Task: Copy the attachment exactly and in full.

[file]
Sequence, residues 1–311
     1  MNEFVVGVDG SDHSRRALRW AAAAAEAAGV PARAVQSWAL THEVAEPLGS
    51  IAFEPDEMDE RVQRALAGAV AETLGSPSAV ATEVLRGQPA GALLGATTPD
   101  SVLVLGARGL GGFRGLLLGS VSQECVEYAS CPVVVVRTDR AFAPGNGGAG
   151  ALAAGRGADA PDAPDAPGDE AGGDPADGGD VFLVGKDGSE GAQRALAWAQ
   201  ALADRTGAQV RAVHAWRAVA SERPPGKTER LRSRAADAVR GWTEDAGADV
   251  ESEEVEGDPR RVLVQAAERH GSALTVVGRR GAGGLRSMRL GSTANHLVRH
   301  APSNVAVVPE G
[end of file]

Sequence, residues 1–311
     1  MNEFVVGVDG SDHSRRALRW AAAAAEAAGV PARAVQSWAL THEVAEPLGS
    51  IAFEPDEMDE RVQRALAGAV AETLGSPSAV ATEVLRGQPA GALLGATTPD
   101  SVLVLGARGL GGFRGLLLGS VSQECVEYAS CPVVVVRTDR AFAPGNGGAG
   151  ALAAGRGADA PDAPDAPGDE AGGDPADGGD VFLVGKDGSE GAQRALAWAQ
   201  ALADRTGAQV RAVHAWRAVA SERPPGKTER LRSRAADAVR GWTEDAGADV
   251  ESEEVEGDPR RVLVQAAERH GSALTVVGRR GAGGLRSMRL GSTANHLVRH
   301  APSNVAVVPE G